Your huddled masses yearning to breathe free,
The wretched refuse of your teeming shore.
Send these, the homeless, tempest-tost to me,
I lift my lamp beside the golden door!”
Every once in a while a spambot posts a comment on my blog that is inadvertently poetic. They’re just crawling online text, cutting it up and posting in a word-slurry, but hey — the infinite monkeys of the spambot universe occasionally kick up a pretty lovely post.
Today I was cleaning out the comment-spam on this blog and found this beaut:
Gooseneck trailer hitches are important to haul irregularly
shaped cargo trailers that stick out from the front.
Multiple Paladins will have the capacity
to have Beacon of Light active around the same target, at well.
Best first nerf gun To add insult to injury, Icebound
Fortitude which can be a Death Knight tank’s main “oh crap” ability is
it’s cooldown doubled – from one or two minutes.
I remember one manager I met using a consulting assignment who expressed frustration attempting to deal
with her Gen Y employees. Scenarios (like Nordenwatch) provided fun, instant action and were even superior to Wo
– W battlegrounds.
This is one of my favorite poems by the ancient Greek poet Sappho. She was a master of packing a lot into a very tiny lyric — which is good since, tragically, only 200 scraps of her verse survive. This one is magnificent. In a mere eight lines, she paints the melancholy of middle age onto the canvas of the night sky.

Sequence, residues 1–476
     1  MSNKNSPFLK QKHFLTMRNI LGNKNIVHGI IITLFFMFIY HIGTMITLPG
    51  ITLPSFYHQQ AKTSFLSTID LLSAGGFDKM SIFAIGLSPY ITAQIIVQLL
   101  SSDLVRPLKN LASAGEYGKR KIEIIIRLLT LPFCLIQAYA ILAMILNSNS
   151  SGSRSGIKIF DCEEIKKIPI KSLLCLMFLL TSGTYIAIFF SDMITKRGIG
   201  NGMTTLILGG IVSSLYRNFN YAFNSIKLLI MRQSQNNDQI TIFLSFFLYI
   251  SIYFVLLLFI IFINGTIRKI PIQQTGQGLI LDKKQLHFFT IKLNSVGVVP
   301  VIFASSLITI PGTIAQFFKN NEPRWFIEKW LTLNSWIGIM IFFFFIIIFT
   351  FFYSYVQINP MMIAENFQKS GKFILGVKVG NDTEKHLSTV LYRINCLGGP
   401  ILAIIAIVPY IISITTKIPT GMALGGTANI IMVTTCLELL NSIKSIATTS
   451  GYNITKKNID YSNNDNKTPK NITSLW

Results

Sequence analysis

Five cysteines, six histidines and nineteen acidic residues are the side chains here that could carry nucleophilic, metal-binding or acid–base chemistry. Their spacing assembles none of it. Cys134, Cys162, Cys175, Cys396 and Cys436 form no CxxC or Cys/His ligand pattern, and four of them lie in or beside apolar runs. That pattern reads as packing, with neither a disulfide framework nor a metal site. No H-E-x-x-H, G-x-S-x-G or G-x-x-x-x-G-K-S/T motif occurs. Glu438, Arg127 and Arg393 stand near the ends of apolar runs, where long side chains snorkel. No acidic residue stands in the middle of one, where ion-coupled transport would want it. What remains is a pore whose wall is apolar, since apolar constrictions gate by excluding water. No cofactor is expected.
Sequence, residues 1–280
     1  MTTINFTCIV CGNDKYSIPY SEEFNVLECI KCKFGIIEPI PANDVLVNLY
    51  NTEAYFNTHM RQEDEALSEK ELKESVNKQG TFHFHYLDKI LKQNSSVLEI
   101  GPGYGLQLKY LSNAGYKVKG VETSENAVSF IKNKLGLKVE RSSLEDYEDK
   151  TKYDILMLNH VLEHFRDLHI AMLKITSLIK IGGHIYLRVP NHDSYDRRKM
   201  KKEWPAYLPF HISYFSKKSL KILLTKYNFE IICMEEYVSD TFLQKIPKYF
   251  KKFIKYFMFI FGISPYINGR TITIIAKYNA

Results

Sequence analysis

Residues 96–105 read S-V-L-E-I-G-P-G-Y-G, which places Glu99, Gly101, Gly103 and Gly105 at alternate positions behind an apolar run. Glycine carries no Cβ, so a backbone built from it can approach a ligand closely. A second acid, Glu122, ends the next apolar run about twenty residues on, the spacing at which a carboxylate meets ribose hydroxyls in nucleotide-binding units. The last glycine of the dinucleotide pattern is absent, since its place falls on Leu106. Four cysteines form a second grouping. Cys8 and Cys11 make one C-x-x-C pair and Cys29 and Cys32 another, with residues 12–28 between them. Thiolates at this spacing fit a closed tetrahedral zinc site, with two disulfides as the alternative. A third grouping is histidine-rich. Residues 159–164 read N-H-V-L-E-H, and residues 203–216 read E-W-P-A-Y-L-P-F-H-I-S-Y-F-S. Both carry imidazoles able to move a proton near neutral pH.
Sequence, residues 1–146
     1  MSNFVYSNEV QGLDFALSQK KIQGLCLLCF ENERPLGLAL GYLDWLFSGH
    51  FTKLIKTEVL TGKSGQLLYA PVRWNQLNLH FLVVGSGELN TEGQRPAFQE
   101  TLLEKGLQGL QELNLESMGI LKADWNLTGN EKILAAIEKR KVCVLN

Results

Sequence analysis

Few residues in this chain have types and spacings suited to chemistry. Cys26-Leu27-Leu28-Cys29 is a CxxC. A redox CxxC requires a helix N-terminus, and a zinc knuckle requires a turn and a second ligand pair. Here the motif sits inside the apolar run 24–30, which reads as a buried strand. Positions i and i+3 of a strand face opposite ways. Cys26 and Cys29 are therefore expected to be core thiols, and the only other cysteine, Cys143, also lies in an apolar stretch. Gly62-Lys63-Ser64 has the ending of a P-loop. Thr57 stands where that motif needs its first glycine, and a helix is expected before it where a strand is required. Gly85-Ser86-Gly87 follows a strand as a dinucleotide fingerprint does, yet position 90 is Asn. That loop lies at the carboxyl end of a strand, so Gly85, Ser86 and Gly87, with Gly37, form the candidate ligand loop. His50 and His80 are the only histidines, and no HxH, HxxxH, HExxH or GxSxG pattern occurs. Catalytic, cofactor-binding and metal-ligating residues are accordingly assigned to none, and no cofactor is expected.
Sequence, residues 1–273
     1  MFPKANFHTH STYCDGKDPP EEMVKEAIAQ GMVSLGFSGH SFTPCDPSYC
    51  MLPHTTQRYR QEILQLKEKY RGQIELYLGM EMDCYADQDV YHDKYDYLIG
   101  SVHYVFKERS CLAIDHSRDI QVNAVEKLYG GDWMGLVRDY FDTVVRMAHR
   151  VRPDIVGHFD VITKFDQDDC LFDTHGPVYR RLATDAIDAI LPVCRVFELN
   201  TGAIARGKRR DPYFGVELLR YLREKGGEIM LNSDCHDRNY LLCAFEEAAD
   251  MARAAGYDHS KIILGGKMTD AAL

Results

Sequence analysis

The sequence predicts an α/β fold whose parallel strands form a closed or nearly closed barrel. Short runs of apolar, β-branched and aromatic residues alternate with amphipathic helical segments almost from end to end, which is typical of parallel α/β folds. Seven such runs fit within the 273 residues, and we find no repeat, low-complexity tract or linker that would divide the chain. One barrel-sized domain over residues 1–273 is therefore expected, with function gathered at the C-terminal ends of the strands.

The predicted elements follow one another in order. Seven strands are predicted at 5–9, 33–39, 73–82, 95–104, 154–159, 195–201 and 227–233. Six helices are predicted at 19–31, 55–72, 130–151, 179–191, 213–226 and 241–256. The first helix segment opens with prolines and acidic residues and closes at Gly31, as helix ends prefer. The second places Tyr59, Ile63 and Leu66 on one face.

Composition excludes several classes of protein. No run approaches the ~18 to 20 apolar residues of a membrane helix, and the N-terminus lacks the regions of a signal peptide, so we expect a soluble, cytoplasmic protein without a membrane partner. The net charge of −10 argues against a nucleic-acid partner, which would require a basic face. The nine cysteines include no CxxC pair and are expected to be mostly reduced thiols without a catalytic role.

There’s something else about this poem, though: Its astronomical specificity!
Sappho talks about the Pleiades, a cluster of extremely bright stars near Taurus. What’s more, Sappho mentions two interesting facts:
- she watches the Pleaides go down, sinking beneath the horizon. And …
- … this occurs before midnight.
Recently, two scientists got interested in the poem, because they realized these two facts could be used to determine precisely what time of year Sappho wrote the poem.
After all, constellations change their position in the sky as the year progresses. That means in different months they’ll sink beneath the horizon at different times of day. Since we know that Sappho saw the Pleiades go down before midnight, first you have deduce where Sappho was located — geographically — when she wrote the poem (because this will determine what part of the sky she was looking at). Then you check the star charts from that vantage point, and figure out what time of the year the Pleiades would have been visible right until midnight.
That’s what the scientists did, in their fascinating paper “Seasonal Dating of Sappho’s ‘Midnight Poem’ Revisited”.
You can read the paper here — it’s really fun — but the tl;dr is this: They started by working with the year 570 BCE, around the time that Sappho died. (This year is, they admit, fairly arbitrary; but a deviation of a few years wouldn’t change the position of the Pleaides noticeably.) They assumed that she wrote the poem in Mytilene, which was the capital city of the island of Lesbos, and where most scholars suspect Sappho lived at that point in her life.